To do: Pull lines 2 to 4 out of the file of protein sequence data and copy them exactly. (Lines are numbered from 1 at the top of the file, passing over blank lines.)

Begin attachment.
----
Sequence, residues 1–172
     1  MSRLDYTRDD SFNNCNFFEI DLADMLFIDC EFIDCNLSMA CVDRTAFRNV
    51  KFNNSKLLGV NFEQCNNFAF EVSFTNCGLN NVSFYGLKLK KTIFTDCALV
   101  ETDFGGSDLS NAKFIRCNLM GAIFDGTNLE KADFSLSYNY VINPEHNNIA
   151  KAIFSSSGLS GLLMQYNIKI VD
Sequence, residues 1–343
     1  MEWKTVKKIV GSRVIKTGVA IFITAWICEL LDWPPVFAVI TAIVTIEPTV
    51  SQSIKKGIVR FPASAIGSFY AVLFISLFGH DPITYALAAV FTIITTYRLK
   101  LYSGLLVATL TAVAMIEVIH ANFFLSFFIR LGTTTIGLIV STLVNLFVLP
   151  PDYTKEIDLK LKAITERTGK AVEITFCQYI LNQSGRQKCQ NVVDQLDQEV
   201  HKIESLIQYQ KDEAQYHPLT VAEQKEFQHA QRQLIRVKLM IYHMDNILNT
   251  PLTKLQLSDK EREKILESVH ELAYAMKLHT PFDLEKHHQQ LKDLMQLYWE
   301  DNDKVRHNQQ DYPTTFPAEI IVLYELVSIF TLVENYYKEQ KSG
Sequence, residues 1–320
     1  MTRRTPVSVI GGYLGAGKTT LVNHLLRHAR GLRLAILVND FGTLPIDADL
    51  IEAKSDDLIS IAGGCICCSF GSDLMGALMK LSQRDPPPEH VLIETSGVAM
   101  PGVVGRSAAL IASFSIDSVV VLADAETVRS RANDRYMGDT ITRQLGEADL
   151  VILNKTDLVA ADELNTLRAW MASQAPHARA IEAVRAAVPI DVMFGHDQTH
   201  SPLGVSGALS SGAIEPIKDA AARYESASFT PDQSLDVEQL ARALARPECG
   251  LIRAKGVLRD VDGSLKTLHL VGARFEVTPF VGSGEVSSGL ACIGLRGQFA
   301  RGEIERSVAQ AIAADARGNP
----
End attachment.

     1  MSRLDYTRDD SFNNCNFFEI DLADMLFIDC EFIDCNLSMA CVDRTAFRNV
    51  KFNNSKLLGV NFEQCNNFAF EVSFTNCGLN NVSFYGLKLK KTIFTDCALV
   101  ETDFGGSDLS NAKFIRCNLM GAIFDGTNLE KADFSLSYNY VINPEHNNIA